Foreclosure for Waveland Plaza

The federal government has paid nearly $500,000 to the owners of the Waveland Professional Plaza over the past 18 months to house Waveland’s temporary government offices, but owners of the property have defaulted on a mortgage loan, and the plaza will be sold on June 30.
In December 2008, Waveland began moving into the newly-built plaza located behind Sonic on Highway 90.
FEMA agreed to pay rent for 14 offices, until the city built a new city hall and government annex facility on Coleman Avenue.
FEMA agreed to pay $339,979 a year for the city to use the 1,700 square-foot plaza, FEMA Spokesman Eugene Brezany said Thursday.
Virtually all of the city’s government offices, except the fire department, are located at the plaza.
FEMA agreed to fund the move because the city had been operating in a cluster of trailers on Coleman Avenue.
The former trailer site is now where the new Waveland Library is being constructed.
The plaza was completed after Hurricane Katrina.
In 2007, developer Johnny Neumeyer secured a $1.5 million deed of trust with BankCorp South of Gulfport to develop the plaza.
After completing construction of the plaza, Neumeyer pitched it to the Waveland Board of Aldermen as a one-stop shop capable of handling all of the city’s needs until its government facilities could be rebuilt.
The board approved the move from Coleman Avenue in December 2008, and signed a 12-month lease with the Waveland Professional Plaza LLC.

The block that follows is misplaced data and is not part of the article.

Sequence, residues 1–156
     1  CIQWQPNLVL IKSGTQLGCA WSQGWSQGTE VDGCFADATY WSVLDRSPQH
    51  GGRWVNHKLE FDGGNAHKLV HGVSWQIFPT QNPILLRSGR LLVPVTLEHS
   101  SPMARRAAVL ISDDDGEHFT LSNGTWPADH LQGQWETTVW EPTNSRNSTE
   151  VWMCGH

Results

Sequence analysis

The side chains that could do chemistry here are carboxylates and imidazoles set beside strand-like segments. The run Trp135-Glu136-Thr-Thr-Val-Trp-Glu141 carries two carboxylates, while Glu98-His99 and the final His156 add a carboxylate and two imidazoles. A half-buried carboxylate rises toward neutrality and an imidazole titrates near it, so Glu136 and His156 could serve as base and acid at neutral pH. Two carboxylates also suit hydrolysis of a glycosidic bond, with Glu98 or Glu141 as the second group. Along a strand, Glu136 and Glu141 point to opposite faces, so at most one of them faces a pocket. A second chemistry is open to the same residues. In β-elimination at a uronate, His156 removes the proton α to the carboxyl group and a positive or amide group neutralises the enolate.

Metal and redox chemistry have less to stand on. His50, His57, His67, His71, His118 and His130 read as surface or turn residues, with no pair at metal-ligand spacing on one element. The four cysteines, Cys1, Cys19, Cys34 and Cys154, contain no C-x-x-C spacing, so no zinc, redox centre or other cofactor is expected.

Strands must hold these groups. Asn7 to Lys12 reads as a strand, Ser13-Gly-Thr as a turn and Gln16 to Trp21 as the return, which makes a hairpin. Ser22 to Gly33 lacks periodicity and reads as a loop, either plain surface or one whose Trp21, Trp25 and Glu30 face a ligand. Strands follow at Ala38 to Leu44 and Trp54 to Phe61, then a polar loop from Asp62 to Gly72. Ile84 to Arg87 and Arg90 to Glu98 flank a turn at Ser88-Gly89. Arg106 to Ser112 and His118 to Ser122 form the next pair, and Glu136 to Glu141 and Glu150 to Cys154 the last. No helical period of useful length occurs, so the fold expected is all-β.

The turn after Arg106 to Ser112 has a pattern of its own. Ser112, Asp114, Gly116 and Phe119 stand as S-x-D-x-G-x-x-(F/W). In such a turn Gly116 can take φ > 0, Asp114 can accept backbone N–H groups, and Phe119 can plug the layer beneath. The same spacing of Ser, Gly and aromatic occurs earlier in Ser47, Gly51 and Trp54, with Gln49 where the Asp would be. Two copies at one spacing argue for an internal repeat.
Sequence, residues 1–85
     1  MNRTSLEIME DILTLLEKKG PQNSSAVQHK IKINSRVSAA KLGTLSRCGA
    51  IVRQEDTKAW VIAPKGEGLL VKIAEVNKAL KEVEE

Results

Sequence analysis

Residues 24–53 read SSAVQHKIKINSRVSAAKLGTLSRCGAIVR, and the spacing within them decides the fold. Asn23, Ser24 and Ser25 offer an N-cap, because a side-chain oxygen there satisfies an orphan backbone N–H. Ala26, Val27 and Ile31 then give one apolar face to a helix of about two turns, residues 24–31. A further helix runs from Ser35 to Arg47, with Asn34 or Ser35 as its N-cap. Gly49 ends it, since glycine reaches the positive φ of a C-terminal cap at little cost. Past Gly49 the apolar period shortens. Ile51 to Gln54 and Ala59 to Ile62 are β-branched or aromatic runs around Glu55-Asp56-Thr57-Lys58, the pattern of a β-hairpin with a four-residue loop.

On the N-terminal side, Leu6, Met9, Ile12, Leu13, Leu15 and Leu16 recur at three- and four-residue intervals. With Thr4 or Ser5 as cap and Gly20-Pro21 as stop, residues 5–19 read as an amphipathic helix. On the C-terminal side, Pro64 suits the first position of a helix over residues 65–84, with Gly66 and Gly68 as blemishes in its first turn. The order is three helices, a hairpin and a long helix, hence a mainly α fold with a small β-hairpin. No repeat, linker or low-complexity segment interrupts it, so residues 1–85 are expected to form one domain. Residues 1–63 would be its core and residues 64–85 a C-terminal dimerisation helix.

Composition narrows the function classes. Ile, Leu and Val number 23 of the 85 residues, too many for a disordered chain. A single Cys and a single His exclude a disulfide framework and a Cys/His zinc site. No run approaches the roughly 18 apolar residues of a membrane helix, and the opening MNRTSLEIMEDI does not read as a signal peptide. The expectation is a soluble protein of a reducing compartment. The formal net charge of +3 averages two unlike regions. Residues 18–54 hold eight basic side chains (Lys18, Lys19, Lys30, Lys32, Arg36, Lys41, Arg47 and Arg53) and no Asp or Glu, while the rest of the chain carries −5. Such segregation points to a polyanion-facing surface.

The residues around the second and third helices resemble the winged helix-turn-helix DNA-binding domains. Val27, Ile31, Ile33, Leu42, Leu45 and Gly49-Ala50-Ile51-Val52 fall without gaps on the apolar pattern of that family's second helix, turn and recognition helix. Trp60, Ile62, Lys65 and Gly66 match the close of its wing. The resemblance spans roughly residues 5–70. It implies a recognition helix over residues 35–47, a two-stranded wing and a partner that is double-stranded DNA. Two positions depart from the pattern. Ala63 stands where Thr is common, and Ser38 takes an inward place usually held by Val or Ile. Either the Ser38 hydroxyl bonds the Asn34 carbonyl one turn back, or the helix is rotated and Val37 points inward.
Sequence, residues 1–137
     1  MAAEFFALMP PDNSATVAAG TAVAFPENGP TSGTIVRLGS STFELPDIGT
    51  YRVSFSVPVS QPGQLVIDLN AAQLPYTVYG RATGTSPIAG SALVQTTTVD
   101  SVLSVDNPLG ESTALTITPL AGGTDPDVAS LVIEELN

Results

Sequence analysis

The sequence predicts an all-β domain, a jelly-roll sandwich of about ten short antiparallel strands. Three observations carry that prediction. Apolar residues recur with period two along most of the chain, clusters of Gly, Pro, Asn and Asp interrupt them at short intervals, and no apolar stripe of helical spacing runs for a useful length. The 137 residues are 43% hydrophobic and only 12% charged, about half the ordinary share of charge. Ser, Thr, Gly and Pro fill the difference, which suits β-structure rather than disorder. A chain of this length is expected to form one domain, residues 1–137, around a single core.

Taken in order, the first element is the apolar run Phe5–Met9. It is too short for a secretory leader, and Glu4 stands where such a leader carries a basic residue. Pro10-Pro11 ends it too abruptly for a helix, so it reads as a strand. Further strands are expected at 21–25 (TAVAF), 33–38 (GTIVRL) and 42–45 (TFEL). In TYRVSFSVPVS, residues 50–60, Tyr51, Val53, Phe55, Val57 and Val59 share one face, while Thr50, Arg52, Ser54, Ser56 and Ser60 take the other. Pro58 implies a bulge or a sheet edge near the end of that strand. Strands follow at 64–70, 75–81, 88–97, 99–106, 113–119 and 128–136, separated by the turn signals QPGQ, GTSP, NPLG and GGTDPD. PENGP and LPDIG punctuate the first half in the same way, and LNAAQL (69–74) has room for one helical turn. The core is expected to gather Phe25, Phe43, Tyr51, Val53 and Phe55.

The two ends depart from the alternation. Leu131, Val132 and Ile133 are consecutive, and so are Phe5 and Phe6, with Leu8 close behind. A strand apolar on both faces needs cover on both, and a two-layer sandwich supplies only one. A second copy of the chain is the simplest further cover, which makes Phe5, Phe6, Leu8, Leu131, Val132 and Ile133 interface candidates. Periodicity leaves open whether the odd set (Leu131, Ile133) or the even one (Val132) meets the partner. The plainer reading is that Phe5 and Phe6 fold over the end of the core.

FEMA agreed to reimburse the rent payments to the city.
The city has continued to occupy the plaza for the past 18 months, but recently, the bank filed a notice of trustee’s sale saying the plaza owners have defaulted on the $1.5 million loan.
The plaza will be sold at auction on the steps of the Hancock County Courthouse on June 30.
Waveland City Attorney Gary Yarborough said he was not made aware of the foreclosure situation until Thursday, but he does not believe it will immediately impact the city.
“I don’t know what is going on with them and their lender, but regardless, it is not going to affect our lease,” Yarborough said.
The city is currently building a new city hall, government annex, and police department.
All of those projects, however, have just begun and it may take more than a year before the city can move into its permanent homes.
FEMA has previously said it will fund the city’s temporary quarters as long as the prices are reasonable and warranted

BY: Dwayne Bremer

The Sea Coast Echo


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